As countries close their borders and airlines cancel flights, there’s one thing travelers can count on during the coronavirus pandemic: expecting the unexpected. While this ideology may be dogma for seasoned jet setters, navigating an unforeseen travel snafu can be difficult for even the most confident traveler when under the stress of rapidly evolving restrictions and newly implemented laws.
If you’re running into roadblocks while trying to get home from a trip, here are the top tips and resources to help you get back on track, or at least make the most of a tricky situation.
1. Remain up to date on travel changes
During international crises, travel rules and regulations can turn on a dime. Arm yourself with knowledge concerning possible alterations to your itinerary so you can plan accordingly and avoid getting stuck somewhere. The International Air Transport Association is an invaluable resource regarding international travel restrictions and immigration requirements. Check a regularly updated list of airline cancellation policies. For information about the status of a flight, train, or bus trip, always consult the service provider’s website or app – don’t wait to get to the point of departure to find out about a cancellation.
The Centers for Disease Control and Prevention, which includes a risk assessment for travel to different countries, is another highly informative resource, as is the U.S. State Department’s list of screening procedures for countries around the world trying to stop the spread of COVID-19.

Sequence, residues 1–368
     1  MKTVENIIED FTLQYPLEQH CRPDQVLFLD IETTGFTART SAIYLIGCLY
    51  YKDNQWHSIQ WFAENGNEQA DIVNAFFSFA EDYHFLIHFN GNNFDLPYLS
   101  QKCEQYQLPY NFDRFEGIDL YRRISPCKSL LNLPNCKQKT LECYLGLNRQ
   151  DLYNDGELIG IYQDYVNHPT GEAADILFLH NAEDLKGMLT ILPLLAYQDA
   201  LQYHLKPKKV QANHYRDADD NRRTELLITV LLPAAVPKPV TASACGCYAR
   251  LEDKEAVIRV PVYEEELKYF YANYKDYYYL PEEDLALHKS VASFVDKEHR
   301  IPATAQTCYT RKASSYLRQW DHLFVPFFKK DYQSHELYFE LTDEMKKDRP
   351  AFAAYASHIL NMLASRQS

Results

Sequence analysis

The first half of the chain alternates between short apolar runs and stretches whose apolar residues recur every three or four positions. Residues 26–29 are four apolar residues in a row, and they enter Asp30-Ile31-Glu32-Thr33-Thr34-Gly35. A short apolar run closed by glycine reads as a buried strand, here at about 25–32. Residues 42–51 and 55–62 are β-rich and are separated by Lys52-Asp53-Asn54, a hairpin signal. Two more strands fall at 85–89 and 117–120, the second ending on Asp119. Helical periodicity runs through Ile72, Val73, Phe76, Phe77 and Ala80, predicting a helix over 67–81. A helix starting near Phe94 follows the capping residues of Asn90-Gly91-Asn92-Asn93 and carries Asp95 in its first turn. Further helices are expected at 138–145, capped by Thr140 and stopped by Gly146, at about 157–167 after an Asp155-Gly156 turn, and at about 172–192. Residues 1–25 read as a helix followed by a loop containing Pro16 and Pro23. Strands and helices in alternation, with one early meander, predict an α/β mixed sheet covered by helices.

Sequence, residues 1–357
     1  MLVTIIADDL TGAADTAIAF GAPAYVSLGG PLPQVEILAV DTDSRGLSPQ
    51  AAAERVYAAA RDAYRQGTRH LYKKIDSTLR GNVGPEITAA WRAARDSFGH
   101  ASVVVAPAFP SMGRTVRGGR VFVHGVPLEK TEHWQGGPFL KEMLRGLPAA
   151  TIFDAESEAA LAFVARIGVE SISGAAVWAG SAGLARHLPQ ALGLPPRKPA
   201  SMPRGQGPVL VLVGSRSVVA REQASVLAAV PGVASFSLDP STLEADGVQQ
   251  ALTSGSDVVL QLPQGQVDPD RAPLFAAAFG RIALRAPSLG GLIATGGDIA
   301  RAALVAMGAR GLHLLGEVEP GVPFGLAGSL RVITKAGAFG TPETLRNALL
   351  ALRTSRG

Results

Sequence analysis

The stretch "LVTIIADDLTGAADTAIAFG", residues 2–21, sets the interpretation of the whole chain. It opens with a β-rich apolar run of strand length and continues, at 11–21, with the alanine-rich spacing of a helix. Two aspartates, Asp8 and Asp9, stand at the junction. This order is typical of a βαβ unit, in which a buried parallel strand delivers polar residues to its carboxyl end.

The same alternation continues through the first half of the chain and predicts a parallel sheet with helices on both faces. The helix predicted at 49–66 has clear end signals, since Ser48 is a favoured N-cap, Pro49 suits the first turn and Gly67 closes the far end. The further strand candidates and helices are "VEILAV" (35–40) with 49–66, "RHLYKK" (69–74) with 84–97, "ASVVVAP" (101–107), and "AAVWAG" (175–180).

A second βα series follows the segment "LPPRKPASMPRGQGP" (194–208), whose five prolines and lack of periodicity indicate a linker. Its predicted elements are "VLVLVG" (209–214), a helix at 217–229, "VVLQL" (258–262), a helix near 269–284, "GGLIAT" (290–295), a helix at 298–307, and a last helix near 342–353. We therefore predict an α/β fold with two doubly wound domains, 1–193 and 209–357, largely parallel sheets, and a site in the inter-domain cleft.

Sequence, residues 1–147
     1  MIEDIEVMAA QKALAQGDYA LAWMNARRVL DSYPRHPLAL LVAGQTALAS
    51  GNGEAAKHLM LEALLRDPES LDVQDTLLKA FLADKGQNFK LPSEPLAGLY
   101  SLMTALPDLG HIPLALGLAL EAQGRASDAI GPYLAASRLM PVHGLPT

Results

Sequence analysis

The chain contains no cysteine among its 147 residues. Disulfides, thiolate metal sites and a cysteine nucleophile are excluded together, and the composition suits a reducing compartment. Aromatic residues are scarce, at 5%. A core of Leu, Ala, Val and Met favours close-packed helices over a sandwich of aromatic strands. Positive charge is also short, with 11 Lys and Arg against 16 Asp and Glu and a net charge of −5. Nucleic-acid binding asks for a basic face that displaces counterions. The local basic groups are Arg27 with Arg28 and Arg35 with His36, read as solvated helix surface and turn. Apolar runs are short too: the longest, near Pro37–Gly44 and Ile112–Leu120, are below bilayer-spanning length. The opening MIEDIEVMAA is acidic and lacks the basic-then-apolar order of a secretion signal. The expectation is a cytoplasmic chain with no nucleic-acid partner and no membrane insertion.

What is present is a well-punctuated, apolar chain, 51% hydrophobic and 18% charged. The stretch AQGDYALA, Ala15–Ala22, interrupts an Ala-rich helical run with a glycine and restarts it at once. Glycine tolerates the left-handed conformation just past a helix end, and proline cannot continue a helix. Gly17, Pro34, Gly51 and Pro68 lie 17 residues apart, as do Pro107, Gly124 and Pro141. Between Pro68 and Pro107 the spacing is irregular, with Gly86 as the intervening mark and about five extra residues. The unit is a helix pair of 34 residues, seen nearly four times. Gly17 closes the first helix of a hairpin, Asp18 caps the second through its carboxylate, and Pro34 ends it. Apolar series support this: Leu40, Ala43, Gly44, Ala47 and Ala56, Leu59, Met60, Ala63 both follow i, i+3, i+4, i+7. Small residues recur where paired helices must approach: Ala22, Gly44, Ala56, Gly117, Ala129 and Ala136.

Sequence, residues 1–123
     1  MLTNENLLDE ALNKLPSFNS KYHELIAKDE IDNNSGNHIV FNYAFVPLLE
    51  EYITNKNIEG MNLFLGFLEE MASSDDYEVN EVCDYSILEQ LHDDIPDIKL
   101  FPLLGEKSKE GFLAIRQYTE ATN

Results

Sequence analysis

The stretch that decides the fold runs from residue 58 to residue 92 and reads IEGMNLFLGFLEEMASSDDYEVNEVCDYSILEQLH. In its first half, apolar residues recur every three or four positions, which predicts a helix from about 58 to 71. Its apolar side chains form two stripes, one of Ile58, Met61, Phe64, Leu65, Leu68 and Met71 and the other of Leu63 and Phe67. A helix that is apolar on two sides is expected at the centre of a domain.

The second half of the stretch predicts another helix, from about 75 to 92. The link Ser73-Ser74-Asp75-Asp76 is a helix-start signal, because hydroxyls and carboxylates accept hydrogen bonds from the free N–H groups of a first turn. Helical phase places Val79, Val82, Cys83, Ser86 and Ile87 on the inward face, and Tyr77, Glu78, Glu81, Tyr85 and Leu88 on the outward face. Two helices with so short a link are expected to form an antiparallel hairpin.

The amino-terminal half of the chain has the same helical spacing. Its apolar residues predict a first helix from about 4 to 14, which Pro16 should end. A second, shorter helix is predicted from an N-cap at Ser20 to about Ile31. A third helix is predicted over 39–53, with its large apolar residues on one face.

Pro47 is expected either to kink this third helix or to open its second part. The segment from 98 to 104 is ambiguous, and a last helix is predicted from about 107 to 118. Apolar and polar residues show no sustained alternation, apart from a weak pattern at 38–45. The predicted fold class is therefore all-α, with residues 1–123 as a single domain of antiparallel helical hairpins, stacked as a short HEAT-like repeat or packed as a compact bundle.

2. Be proactive if your flight is canceled
As airlines around the globe ground thousands of flights, many travelers find themselves stranded with no discernible path home. If this happens to you, don’t be afraid to take matters into your own hands. First, contact your airline. Under their contract of carriage, most airlines have to get you to your desired destination; many will rebook you on the first available flight at no additional cost. If you’re already at the airport, save time by using the company’s digital app or phone service to find a new flight. If the airline has suspended service to or from a region, find out if another carrier has available seats to the destination and ask the original airline to cover the cost. Google Flights is an excellent resource for finding other outbound departures in a jiffy.
Regardless of the outcome, it never hurts to politely ask your airline for meal and hotel vouchers when a flight is delayed for several hours or outright canceled. The worst thing that happens: you get nothing. The best thing that happens: you get some free food and lodging to offset the damage caused by the delay. If the airline is authorized to do so, chances are they’ll do their best to help.
3. Explore alternative ways to get home